A Russian water station on a railroad is a place where steam trains stop to replenish water. The stopping of the train itself is also referred to as a “water stop”. The term originates from the times of steam engines when large amounts of water were essential. Also known as wood and water stops or coal and water stops, since it was reasonable to replenish engines with fuel as well when adding water to the boiler.
At the points of outfitting steam locomotives, hydrocolumns are installed for refueling steam locomotives with water. Hydrocolumns were built on several tracks of the station at once – so as not to uncouple the locomotive from the train. However, things are not so simple. Some water towers were equipped with swivel hydrocolumns. The hydrocolumn was outweighed higher due to a change in the height of the main rolling stock, probably in 1928, that is, the times of changing a narrow gauge to a wide.
All capital buildings were subject to precise leveling. In order to preserve the results of leveling on the ground and to deliver reference points in height for all sorts of practical purposes, strong marks called leveling marks are laid along the lines of precise leveling every 20-25 kilometers1). It is a pity, however, that here she got severely corroded. In the USSR, these brands are cast from cast iron weighing 1-2 kilograms; the stamp represents a disc (Fig. 373) 15 centimeters in diameter with a hollow pyramid-shaped tide, the base of which is turned to the side opposite to the disc.
A small bulge is made in the middle of the outer side of the disc, the center of which represents the point for which the absolute height is subsequently calculated. Around this bulge are cast the words “Leveling Military. Top. Managed. “Or” Leveling GUGK “and the year of work. Each observer is provided with a sufficient number of leveling marks in advance for the entire period of fieldwork.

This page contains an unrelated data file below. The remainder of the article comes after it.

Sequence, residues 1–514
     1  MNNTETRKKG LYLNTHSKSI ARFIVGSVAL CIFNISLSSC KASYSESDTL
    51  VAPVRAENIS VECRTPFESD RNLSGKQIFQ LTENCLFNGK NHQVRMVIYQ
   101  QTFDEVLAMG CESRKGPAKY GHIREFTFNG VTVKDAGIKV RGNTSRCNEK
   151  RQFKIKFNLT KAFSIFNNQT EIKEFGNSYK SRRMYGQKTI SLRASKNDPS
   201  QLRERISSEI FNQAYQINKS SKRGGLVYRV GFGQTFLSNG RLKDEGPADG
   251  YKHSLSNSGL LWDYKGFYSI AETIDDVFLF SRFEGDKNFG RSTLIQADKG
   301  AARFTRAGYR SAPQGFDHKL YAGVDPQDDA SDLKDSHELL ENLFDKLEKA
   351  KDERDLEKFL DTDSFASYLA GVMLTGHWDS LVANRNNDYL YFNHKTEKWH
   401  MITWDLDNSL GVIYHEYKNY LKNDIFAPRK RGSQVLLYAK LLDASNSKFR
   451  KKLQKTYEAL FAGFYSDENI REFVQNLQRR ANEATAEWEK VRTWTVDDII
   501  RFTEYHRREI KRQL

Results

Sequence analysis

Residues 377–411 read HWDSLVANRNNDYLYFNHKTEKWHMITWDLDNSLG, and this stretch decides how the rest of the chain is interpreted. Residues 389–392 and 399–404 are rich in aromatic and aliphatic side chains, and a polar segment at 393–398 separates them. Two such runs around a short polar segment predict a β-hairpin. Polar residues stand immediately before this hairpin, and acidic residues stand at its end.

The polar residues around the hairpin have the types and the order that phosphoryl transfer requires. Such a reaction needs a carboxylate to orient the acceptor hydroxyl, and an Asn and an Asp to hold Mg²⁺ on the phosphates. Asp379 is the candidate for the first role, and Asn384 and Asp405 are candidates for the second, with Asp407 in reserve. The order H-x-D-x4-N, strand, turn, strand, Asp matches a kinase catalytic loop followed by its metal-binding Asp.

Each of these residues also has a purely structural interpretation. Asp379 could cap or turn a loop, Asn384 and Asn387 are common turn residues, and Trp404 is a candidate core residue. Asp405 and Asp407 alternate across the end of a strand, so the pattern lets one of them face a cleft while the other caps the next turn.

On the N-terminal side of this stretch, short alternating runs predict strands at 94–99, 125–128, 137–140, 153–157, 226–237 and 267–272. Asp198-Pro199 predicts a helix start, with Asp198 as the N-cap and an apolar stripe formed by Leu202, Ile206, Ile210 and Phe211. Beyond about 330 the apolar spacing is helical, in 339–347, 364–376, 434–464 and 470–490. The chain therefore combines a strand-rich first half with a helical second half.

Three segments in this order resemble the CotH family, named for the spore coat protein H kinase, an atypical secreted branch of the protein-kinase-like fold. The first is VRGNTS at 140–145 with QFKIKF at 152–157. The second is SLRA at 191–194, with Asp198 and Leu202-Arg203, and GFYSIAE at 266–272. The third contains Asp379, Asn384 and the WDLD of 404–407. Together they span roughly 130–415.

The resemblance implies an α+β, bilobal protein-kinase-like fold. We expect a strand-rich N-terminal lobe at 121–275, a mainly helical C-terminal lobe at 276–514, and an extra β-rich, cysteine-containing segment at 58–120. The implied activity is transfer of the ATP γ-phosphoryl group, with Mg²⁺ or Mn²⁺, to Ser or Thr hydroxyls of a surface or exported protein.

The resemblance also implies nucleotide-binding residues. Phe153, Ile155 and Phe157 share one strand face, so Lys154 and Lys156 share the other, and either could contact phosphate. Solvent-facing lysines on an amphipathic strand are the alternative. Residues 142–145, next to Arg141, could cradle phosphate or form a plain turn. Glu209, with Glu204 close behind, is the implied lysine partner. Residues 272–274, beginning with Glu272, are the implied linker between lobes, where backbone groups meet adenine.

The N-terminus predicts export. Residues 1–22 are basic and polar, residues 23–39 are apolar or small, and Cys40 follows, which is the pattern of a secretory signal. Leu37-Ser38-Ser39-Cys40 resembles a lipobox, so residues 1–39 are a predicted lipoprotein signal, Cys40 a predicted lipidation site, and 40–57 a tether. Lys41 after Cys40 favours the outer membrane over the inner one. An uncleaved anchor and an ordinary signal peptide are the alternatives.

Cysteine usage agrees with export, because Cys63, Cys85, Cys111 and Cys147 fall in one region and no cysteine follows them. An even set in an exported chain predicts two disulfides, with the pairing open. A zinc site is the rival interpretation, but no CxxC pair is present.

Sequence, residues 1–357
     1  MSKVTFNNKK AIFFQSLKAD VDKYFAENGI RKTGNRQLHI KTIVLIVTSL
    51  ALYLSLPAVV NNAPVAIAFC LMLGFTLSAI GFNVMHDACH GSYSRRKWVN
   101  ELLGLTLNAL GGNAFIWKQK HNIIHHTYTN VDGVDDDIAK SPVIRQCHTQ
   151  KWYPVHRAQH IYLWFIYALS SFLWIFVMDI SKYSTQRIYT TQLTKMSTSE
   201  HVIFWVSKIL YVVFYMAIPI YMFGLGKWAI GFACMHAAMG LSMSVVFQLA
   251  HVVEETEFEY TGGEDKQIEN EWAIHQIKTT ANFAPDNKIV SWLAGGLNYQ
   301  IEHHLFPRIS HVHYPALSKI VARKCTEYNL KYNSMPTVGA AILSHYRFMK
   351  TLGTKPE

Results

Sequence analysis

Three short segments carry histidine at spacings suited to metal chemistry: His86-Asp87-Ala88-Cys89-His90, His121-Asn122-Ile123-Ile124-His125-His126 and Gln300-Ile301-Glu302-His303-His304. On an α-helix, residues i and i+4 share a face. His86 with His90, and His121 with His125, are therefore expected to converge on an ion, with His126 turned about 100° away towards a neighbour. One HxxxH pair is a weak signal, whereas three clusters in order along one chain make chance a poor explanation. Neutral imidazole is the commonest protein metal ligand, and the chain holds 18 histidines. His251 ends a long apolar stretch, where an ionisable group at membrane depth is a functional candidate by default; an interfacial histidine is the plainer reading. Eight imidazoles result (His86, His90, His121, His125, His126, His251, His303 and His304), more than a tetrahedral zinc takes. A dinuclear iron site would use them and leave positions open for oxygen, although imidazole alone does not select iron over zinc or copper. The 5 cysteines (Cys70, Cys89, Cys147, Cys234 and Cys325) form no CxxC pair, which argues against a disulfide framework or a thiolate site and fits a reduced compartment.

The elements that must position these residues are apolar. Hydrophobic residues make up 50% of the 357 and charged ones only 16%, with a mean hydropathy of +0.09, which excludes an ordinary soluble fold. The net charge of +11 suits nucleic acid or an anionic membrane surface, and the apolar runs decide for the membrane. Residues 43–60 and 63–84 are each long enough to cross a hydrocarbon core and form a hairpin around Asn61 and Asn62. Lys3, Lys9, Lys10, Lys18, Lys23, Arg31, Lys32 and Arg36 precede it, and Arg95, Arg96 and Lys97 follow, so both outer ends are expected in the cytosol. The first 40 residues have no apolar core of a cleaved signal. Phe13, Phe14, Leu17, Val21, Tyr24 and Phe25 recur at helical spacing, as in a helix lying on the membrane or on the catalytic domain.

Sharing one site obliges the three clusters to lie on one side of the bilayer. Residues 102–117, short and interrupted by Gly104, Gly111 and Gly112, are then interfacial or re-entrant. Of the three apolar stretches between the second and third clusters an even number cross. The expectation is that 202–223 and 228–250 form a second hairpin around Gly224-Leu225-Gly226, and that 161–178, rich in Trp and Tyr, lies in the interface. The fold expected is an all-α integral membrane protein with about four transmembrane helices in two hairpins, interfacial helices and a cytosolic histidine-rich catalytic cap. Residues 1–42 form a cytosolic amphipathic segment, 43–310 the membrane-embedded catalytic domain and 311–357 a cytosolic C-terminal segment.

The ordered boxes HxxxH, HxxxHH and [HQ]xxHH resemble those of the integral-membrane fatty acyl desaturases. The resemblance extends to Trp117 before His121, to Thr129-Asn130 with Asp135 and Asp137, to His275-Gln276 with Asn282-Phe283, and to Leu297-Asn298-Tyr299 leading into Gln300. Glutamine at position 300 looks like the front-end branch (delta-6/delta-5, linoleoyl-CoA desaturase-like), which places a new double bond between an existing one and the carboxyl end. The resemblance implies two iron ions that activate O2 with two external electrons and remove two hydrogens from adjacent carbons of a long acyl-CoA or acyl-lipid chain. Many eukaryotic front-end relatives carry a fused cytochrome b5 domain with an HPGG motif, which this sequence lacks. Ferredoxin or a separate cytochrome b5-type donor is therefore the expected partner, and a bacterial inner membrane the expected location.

The abandoned water tower has its own unique inventory number.
Opposite the water tower, the wooden building of the old station has remained with beautiful carved windows and stove heating. On one side lived the station superintendent, and on the opposite side there was a village store. But now the windows are boarded up and the house is empty.
Now the water station is equipped in a small and completely unremarkable brick building next to an open platform.
The weather that day was sunny without a single cloud and the original silhouette of the old tower loomed in the backlight.
And this is how she looked about six decades ago. The photo was taken approximately in 1959. Life here was in full swing and there were more ways. Wide and narrow track.
Let’s take a walk around the water tower itself.
Although on the front door it is written in large letters that ENTRANCE IS FORBIDDEN, but from the black, it is a sin not to walk. We did not break the fence, it seems that time itself unlocked the passage to the territory of the water intake for the stalker.
Nothing interesting awaited us, except for dried thickets of weeds and boarded up windows.
The openwork staircase leading to the tank turned out to be remarkable. As a rule, they are equipped with the internal space of structures.
The steps are completely rotten and overgrown with blue lichen.
Expert on Urban Planning and Abandoned Places
|Mr. Gregory Hooqe is a highly experienced expert on Urban Planning and Sustainable Development. Mr. Gregory Hooqe has been focusing on Urban Development since 2000 and has written extensively on the subject.|
He was awarded the 2009 Korea Foundation Professional Award for his research on Korean Smart Cities, as well as the 2016 Korea Development Institute, Global Ambassador Award for SD and Innovation